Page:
David Everett1950 -
Born: 1950, Beaumont, Texas
David Everett was born, raised, and still lives in East Texas, and this fact is important in the consideration of the sculptor's work. Preferring to employ the reductive technique of carving in the wood medium, Everett often creates "stacks" of animals based on his childhood animal observations near his family's home in remote Smith Point, Texas. He recalls seeing animals stacked atop other animals in the wild, such as a white heron riding on a cow’s back. He says, "I take that element of the animals stacked on top of each other and push it to a surreal level; I hope in a fairly quiet and understated way."
His work, Pantheon, from 2002, was a commission granted by the National Museum of Wildlife Art while Everett was Artist-in-Residence in 2001, and provides a good example of his sculptural style. The work includes five stacked creatures native to the Rocky Mountains and features the Wyoming Horned Toad, which is a personal icon of sorts for Everett. The title refers to Everett's belief that animals are the gods of their own world.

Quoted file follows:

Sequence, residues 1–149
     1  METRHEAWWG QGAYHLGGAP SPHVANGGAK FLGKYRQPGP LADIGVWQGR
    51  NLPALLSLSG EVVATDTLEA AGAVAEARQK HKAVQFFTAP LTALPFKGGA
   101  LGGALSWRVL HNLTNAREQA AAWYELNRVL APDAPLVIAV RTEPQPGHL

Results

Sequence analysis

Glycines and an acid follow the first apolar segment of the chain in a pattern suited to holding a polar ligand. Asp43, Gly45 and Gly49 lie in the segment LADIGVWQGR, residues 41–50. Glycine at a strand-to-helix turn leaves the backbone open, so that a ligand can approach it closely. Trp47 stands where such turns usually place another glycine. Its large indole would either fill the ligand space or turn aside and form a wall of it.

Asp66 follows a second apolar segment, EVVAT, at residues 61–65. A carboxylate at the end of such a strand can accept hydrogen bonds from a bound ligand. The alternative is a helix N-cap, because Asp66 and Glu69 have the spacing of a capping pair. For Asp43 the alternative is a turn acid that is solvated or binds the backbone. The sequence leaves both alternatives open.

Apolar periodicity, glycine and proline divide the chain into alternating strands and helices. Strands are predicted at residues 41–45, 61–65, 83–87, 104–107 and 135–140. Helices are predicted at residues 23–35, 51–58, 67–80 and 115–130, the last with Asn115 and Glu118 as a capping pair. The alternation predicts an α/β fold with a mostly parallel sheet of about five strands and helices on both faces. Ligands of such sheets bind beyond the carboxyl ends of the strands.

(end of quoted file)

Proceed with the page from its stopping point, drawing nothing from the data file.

The Lanford Monroe Memorial Artist-in-Residence at the National Museum of Wildlife Art in 2005, Everett has also completed commissions for the Oak Hill Library in Austin, Texas and the Oceanic Conservation Organization. His work has been featured in galleries throughout Texas and in Santa Fe, New Mexico.